The state oversight board in control of Nassau’s finances gave the county 30 days on Thursday night to develop a plan to shave $23 million from its operating budget to close a projected $103 million deficit.

The county needed only 17 hours to respond, telling the Nassau Interim Finance Authority Friday the savings would be achieved, in part, by cutting spending on utilities and trimming the snow removal budget.

“The county’s historical proactive fiscal management should provide confidence that we will address NIFA’s $23 million concern,” wrote Eric Naughton, deputy county executive for finance, in a letter to NIFA chairman Adam Barsky.

Nassau reached a deal with NIFA last year to limit its 2016 deficit to $80 million using Generally Accepted Accounting Principles, which prohibit using borrowed or surplus funds to pay operating costs.

The board said that midway through 2016, the GAAP deficit has ballooned to $103 million, including $60 million in borrowing to pay property tax refunds; $40 million in excess bond premiums for debt service and court settlements and $3 million from the county reserves for NICE Bus services.

County Executive Edward Mangano said Nassau added $40 million to its reserves fund last year, negating the $3 million it used to restore bus routes.

Nassau’s deficit reduction plan consists of saving $8.5 million by cutting spending on utilities, gas and snow removal; $7 million on Police Department retirements; $5 million in reduced costs for preschool and early-intervention services; $1.5 million through declining Social Services program spending and $1 million in added red light camera revenue.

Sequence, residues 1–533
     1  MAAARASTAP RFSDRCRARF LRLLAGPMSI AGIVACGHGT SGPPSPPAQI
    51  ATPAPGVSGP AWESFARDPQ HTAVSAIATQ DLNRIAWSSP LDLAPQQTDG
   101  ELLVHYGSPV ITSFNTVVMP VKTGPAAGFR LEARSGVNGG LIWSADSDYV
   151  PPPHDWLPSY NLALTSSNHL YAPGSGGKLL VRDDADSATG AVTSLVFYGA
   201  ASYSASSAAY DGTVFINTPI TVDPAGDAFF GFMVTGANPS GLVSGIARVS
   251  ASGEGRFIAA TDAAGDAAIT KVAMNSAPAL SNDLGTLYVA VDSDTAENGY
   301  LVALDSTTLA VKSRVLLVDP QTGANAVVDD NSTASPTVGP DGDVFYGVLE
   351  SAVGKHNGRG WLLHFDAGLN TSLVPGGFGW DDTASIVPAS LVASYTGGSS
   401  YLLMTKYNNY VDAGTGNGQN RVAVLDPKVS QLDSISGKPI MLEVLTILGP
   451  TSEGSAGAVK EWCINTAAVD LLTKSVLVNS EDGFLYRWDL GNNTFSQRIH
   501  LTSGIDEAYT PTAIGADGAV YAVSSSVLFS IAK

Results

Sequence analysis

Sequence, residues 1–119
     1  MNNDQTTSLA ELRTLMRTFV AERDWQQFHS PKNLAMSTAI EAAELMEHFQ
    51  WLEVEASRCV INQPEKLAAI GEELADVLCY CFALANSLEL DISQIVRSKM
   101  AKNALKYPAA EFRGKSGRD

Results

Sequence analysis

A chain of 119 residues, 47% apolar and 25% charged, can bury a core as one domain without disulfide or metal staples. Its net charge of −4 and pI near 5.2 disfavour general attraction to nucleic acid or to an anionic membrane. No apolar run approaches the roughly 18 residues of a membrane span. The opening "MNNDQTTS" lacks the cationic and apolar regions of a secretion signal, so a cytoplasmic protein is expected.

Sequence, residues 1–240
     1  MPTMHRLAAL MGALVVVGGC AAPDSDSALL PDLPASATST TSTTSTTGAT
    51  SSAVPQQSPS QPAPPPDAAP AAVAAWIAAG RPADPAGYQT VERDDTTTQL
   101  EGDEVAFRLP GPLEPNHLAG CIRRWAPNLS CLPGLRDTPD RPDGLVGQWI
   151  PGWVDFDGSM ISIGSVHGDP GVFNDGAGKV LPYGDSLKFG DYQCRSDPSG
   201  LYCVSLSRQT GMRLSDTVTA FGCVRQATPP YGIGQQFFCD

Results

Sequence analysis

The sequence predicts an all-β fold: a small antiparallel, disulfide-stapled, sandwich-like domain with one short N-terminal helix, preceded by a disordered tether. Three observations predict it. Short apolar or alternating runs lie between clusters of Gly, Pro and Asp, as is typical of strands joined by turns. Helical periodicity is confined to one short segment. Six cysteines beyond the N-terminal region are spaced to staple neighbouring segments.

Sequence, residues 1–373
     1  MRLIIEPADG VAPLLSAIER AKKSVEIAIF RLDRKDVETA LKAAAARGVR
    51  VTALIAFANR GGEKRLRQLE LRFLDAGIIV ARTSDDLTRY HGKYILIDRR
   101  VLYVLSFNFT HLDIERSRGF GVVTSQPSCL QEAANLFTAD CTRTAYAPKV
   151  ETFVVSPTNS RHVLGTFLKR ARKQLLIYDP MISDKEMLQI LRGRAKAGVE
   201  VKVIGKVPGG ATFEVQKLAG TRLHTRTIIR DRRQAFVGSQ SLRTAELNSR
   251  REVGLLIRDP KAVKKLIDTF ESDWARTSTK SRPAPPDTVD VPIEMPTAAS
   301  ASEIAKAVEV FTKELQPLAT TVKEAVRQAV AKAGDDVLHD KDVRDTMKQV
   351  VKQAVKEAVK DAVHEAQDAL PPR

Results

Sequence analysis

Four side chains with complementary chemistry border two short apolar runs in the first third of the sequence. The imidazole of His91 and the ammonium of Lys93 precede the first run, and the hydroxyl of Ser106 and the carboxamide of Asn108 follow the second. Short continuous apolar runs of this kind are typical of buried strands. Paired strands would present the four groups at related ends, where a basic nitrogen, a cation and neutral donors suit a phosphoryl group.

Nassau previously told NIFA it would use the police retirement and early-intervention savings to close potential holes in the county’s operating budget. Naughton said the county is running a “balanced budget” in 2016 and will not need to tap those funds.

NIFA member Chris Wright criticized the county for “double-counting its savings” and said the administration still doesn’t “get it . . . Their refusal to acknowledge the existence of a massive deficit which requires a financial control board continues to hinder their ability to balance the budget.”

NIFA last year projected the county would have an $80 million budget deficit. But Mangano said the county ended 2015 with a $53 million surplus that it used to boost its reserve fund from $120 million to $160 million.

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But critics said the surplus only was achieved after $150 million in NIFA-approved borrowing.

Mangano said Nassau “has the track record” to manage the board’s concerns. “NIFA’s job is to conservatively point out risks, as they pointed out $80 million in risks in 2015, and our job is to make sure those risks don’t become reality,” he said.